They tell us we’re living in a post-truth world, whatever that’s supposed to mean. All I know is that there’s a growing number of people who look at the vast store of human knowledge, and reject it. People who hear experts speak on science, politics, medicine, and say “Nope! I saw a YouTube about this, and I know better!”. And there’s no starker demonstration of this than the modern flat-earther. How does this happen? What makes sane adults, with an education … Continue reading →
2016 has almost come to an end, making it time for the Christmas edition of the Carnival of Space! A lot has happened in space science and astronomy this year, so it’s fitting that this should be an extra well packed bumper edition with plenty of articles for you to enjoy as you unwind from the madness of yesterdays festivities!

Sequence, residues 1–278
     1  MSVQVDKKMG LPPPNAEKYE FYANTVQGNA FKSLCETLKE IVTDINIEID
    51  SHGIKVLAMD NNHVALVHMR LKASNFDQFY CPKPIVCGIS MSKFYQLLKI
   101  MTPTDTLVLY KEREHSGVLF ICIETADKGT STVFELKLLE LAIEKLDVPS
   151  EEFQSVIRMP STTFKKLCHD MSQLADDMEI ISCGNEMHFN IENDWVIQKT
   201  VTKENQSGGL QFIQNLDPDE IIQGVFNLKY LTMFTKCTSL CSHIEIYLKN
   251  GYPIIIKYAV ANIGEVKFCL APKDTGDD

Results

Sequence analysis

Some months back, the Astronomical Society of South Africa (ASSA) decided use the upcoming partial annular solar eclipse to promote astronomy in South Africa, and perhaps drum up a few new members for ASSA. Now ASSA has decades of experience with public outreach, but they wanted to try something new: video. My brief, as a committee volunteer, was to help them to live-stream an eclipse. Overall, we felt we’d succeeded in the end, but there were definitely some lessons worth learning. … Continue reading →
Another week, another Carnival of Space. It’s an interesting time for Urban Astronomer, what with weather interfering with our plans at helping out with an international amateur collaboration to measure the distances to asteroids and the announcement date for our next big secret project looming (it’s a podcast. Launching next year, in February. Don’t tell anybody! Shh!). We’re so busy, but not producing any visible results. But soon the new year will roll around, the weather will change, our funding situation … Continue reading →